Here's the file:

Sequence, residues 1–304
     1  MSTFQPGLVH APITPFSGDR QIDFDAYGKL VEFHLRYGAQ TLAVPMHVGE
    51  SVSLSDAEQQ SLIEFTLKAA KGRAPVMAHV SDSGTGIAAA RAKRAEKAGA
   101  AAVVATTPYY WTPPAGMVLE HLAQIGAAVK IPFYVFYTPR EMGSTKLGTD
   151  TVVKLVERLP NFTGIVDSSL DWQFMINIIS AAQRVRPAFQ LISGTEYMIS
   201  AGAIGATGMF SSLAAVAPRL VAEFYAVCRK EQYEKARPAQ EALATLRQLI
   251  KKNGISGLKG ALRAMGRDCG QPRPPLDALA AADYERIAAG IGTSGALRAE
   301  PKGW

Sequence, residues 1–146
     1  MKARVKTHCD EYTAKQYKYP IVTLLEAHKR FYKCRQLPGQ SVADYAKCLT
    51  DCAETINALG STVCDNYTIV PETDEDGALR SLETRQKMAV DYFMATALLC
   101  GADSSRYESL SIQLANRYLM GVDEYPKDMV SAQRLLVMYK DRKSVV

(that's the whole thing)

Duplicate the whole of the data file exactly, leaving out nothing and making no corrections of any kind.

Sequence, residues 1–304
     1  MSTFQPGLVH APITPFSGDR QIDFDAYGKL VEFHLRYGAQ TLAVPMHVGE
    51  SVSLSDAEQQ SLIEFTLKAA KGRAPVMAHV SDSGTGIAAA RAKRAEKAGA
   101  AAVVATTPYY WTPPAGMVLE HLAQIGAAVK IPFYVFYTPR EMGSTKLGTD
   151  TVVKLVERLP NFTGIVDSSL DWQFMINIIS AAQRVRPAFQ LISGTEYMIS
   201  AGAIGATGMF SSLAAVAPRL VAEFYAVCRK EQYEKARPAQ EALATLRQLI
   251  KKNGISGLKG ALRAMGRDCG QPRPPLDALA AADYERIAAG IGTSGALRAE
   301  PKGW

Sequence, residues 1–146
     1  MKARVKTHCD EYTAKQYKYP IVTLLEAHKR FYKCRQLPGQ SVADYAKCLT
    51  DCAETINALG STVCDNYTIV PETDEDGALR SLETRQKMAV DYFMATALLC
   101  GADSSRYESL SIQLANRYLM GVDEYPKDMV SAQRLLVMYK DRKSVV